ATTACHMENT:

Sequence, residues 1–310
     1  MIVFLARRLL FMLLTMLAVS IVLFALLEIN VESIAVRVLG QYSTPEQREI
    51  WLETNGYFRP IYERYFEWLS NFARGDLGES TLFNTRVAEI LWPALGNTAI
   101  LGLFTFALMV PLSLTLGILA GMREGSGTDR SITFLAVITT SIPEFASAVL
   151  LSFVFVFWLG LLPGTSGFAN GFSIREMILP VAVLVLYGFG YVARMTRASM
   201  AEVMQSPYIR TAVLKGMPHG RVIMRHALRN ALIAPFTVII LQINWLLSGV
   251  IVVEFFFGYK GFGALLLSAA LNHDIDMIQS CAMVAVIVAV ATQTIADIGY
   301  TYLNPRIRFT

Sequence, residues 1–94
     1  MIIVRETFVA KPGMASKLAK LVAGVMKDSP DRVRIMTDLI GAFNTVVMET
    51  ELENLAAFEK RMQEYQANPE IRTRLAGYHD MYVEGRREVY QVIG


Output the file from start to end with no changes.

Sequence, residues 1–310
     1  MIVFLARRLL FMLLTMLAVS IVLFALLEIN VESIAVRVLG QYSTPEQREI
    51  WLETNGYFRP IYERYFEWLS NFARGDLGES TLFNTRVAEI LWPALGNTAI
   101  LGLFTFALMV PLSLTLGILA GMREGSGTDR SITFLAVITT SIPEFASAVL
   151  LSFVFVFWLG LLPGTSGFAN GFSIREMILP VAVLVLYGFG YVARMTRASM
   201  AEVMQSPYIR TAVLKGMPHG RVIMRHALRN ALIAPFTVII LQINWLLSGV
   251  IVVEFFFGYK GFGALLLSAA LNHDIDMIQS CAMVAVIVAV ATQTIADIGY
   301  TYLNPRIRFT

Sequence, residues 1–94
     1  MIIVRETFVA KPGMASKLAK LVAGVMKDSP DRVRIMTDLI GAFNTVVMET
    51  ELENLAAFEK RMQEYQANPE IRTRLAGYHD MYVEGRREVY QVIG